Memory Holds The Door
Deepak Ranade, Jun 26, 2010, 12.00am IST
Tags:writer|Deepak RanadeNostalgia|consultant neurosurgeon
Nostalgia is often a pleasurable pain. But pain, nonetheless. Unpleasant memories could create bitterness while pleasant memories tend to fill one with happiness and a desire to relive the experience. Some perceive nostalgia as part of emotional baggage, and question its biological relevance.
From an anthropological standpoint, remembering where the waterholes were in a situation where the supply of water is never constant is a valuable memory input. Similarly, knowledge of the precise location of food sources is important when supply tends to fluctuate. As a recording device, memory provides vital information in trying situations. However, the bank is also filled with a wide-ranging mix of seemingly trivial and redundant data.
The colour of the dress your first date wore on that first day, the tears that coursed down your mother's cheeks after she'd spanked you and the fight you had with your classmate in school over jumping the queue these are all recorded somewhere in our memory bank. In fact, our identity and ego are but an aggregate of all recorded data. Individual identities take shape on the basis of all past events and feelings, experiences and situations that find place in a corner of the brain. Cognitive focus or concentration lends a criticality to this unique and biological data processing system.
Perception, too, plays a crucial role in this recording mechanism. What is assimilated and stored is an outcome of what is perceived. A pragmatic person may therefore not perceive an event in a complex way. If a pragmatic person's friend or colleague encountered him on the street and passed by without a greeting, such a person he would record it as an event, a megabyte of mere oversight. But someone with a more complex perception could interpret this as part of a grand conspiracy. His memory would record it not just as an event megabyte; it would perhaps be a gigabyte of associative emotional data.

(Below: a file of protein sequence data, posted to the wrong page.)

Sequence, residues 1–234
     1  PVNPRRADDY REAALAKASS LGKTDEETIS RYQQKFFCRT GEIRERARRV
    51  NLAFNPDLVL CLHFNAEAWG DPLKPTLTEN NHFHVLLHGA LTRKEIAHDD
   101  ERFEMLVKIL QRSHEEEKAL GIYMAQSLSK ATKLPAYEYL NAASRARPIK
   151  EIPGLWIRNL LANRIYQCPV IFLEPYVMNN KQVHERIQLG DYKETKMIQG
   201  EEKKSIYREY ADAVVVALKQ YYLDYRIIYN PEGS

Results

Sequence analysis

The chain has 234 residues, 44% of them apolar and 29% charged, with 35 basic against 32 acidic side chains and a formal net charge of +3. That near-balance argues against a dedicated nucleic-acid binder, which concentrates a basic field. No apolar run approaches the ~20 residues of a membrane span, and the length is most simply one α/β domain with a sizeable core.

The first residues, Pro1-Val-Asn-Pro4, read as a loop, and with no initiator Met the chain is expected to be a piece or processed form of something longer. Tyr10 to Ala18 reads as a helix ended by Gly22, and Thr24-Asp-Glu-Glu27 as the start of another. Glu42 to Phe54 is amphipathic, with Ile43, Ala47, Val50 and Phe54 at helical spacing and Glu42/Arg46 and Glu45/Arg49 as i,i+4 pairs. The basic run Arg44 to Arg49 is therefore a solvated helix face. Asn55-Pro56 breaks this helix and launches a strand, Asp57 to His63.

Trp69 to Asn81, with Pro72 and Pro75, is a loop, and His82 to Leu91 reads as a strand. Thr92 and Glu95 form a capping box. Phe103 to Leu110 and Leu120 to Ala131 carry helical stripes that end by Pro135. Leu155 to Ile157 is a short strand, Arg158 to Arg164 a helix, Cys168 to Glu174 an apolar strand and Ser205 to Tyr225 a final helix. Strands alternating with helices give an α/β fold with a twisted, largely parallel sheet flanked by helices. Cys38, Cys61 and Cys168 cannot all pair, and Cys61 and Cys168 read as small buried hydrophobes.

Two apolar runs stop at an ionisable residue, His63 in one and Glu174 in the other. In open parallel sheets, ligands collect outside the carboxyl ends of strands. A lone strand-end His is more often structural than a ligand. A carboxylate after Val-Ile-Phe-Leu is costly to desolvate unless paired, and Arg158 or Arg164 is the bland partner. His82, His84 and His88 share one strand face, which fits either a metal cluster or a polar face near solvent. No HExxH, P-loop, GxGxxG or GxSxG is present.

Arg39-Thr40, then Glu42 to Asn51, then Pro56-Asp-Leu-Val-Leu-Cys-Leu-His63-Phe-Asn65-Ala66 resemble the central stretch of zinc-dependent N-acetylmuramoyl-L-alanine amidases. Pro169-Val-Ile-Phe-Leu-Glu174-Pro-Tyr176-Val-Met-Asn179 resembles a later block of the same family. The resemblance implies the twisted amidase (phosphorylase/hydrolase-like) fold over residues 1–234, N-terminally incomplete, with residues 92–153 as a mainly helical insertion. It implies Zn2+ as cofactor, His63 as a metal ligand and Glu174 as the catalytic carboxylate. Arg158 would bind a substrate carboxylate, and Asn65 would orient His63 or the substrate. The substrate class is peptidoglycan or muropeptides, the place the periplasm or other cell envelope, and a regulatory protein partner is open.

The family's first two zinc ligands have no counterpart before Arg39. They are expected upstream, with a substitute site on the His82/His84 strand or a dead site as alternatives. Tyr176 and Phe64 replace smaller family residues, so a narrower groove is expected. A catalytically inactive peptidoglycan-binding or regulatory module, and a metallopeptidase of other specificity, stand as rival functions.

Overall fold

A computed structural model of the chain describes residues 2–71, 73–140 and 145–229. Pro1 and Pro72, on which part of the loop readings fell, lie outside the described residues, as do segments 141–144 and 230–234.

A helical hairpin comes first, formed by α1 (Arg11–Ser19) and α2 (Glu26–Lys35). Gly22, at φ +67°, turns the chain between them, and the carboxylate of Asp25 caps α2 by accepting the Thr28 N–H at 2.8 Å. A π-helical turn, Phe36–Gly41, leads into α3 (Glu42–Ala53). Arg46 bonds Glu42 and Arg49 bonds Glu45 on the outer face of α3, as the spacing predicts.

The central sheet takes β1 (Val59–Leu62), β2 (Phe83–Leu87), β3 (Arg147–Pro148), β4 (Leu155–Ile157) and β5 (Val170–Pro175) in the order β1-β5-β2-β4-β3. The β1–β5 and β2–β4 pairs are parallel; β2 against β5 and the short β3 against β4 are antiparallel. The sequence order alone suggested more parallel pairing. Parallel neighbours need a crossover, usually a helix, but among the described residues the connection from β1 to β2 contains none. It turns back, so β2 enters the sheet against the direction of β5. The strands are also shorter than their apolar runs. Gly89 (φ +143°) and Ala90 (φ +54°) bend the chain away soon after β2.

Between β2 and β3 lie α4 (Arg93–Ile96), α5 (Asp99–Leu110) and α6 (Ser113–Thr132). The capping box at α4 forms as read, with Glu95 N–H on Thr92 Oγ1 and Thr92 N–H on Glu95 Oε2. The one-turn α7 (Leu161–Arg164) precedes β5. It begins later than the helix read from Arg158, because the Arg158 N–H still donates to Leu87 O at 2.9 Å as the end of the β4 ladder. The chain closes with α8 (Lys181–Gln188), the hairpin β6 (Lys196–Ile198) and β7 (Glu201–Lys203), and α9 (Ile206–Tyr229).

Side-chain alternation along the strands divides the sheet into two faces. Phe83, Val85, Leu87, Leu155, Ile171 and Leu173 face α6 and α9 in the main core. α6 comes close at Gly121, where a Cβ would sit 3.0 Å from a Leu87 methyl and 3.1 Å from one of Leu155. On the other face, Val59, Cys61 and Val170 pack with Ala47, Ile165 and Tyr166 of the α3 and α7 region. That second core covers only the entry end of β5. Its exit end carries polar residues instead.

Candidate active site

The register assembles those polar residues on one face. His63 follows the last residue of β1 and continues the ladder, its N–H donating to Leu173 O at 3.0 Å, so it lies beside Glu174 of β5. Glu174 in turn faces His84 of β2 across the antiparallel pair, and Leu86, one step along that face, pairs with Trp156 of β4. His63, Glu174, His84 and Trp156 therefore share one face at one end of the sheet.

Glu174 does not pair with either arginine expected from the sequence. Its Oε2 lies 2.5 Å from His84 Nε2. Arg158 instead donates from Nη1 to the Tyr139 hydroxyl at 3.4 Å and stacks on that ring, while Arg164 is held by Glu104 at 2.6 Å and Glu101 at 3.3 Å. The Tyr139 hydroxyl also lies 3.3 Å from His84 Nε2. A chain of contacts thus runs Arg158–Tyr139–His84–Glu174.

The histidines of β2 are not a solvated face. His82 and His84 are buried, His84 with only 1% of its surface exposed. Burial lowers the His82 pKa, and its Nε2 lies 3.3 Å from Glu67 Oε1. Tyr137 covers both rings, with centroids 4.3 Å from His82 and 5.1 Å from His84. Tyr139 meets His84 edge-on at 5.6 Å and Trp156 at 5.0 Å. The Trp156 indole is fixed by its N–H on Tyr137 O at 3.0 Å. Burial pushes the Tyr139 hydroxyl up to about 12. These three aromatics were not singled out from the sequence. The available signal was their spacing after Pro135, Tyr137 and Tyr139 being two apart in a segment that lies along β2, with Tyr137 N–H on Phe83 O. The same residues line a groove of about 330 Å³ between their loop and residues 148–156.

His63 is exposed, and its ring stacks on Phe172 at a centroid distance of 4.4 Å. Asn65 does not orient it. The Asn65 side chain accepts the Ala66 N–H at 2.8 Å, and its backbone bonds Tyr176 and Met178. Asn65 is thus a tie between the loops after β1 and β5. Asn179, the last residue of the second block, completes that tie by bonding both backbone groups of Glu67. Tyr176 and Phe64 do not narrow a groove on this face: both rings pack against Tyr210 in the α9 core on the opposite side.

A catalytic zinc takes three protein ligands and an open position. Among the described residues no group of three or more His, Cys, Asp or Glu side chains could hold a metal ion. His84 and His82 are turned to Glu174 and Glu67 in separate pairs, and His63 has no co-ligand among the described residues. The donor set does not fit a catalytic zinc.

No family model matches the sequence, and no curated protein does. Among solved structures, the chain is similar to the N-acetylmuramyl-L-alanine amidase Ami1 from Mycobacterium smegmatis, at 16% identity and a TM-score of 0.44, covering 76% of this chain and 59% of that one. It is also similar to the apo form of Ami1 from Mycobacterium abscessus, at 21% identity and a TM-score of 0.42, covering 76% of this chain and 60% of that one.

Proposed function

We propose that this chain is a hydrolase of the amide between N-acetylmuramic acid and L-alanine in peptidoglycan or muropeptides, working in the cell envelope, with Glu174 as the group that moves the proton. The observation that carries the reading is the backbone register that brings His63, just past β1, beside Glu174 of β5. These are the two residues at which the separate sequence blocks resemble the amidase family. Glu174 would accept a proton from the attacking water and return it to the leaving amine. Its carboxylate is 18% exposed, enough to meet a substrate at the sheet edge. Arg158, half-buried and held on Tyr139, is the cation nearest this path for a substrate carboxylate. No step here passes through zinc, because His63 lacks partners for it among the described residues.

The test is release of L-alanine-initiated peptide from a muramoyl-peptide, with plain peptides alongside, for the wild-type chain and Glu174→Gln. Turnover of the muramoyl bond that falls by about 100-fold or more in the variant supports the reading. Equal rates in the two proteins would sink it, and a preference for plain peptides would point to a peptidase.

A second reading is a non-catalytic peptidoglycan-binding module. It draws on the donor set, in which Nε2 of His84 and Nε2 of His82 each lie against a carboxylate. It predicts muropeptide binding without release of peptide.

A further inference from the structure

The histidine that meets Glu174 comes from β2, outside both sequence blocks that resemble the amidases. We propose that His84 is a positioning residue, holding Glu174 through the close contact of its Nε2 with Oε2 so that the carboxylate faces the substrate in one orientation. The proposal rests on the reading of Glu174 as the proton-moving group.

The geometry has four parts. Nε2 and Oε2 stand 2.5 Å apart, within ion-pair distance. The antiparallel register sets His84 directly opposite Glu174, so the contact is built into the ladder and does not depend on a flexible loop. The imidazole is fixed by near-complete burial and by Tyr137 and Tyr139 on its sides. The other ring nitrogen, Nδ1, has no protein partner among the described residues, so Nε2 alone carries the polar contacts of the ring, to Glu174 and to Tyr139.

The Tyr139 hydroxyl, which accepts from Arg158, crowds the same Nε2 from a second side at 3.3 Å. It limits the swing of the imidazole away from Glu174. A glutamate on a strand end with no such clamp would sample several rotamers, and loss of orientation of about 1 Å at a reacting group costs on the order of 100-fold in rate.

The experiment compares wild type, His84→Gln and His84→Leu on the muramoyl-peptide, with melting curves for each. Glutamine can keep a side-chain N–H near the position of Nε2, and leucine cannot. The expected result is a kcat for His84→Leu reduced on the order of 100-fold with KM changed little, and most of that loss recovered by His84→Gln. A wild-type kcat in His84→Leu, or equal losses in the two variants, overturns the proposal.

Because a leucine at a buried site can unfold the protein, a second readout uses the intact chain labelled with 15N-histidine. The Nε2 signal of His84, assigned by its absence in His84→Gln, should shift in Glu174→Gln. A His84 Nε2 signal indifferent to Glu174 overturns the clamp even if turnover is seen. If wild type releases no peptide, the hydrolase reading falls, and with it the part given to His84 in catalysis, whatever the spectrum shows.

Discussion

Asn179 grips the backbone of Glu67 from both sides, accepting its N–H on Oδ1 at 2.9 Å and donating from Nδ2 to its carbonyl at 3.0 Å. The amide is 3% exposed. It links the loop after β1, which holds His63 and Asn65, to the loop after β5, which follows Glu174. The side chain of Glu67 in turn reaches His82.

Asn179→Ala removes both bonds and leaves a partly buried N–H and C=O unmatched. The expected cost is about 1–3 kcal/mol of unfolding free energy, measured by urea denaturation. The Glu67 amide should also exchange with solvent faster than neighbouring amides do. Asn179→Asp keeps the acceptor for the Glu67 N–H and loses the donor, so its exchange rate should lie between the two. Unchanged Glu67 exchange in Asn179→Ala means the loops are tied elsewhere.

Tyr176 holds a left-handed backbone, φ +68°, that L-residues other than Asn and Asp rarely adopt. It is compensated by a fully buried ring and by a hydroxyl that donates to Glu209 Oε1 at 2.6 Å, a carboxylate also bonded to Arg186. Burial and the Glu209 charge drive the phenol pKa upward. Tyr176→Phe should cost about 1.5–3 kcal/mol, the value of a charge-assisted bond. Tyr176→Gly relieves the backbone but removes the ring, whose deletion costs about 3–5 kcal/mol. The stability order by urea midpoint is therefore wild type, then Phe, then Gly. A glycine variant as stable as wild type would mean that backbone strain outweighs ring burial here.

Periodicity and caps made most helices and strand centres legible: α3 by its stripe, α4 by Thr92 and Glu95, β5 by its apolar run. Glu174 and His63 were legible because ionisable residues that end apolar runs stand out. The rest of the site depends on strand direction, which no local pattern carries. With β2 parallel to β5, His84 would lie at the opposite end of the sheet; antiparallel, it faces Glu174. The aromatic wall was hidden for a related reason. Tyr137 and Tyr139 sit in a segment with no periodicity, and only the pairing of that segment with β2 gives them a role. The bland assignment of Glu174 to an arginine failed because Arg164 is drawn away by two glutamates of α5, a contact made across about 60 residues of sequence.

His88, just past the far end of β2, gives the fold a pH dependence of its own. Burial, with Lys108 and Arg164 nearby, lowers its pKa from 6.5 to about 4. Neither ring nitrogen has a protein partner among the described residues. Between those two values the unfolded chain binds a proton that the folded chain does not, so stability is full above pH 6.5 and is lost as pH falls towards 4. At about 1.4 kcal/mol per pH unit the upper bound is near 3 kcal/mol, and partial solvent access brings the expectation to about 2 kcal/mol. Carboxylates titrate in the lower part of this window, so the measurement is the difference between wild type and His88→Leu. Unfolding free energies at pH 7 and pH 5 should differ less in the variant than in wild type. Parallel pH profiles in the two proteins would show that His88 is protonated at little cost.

Studies have shown that the most vivid autobiographical memories have been of emotional events rather than of any empirical or neutral event. Consciousness is the turntable that keeps rotating while ego is the pin that records grooves on the record. Memories are grooves made by ego on unformatted consciousness. Identity is consciousness formatted by the perceptive ego.
The sense of self as a discrete entity makes all awareness an interaction between self and environment. Interaction is all about duality. But in moments of extreme pleasure or thrill, there is no interaction; there is only a sense of being.
There is an invisible time zone between self and environment. The sense of discreteness disappears momentarily. In those fleeting moments, there is nothing to record. The present has no access to any data. In fact, the present is the moment just prior to the beginning of the process of recording. The dominant temporal lobe is the warehouse of all data. It is an integral part of the limbic system that is phylogenically the oldest in the evolution of the brain. It was linked with emotional responses required for survival and reproduction.
Considering that the limbic system is one of the oldest, all emotional augmenting of mundane events are perhaps vestiges of primitive behaviour, and so is not evolved. In this context, a patient suffering loss of memory may be temporarily or otherwise `liberated' from stored data and its effects, though this is a source of anguish for near and dear ones.
The writer is a consultant neurosurgeon. www.neuroconsciousness.blogspot.com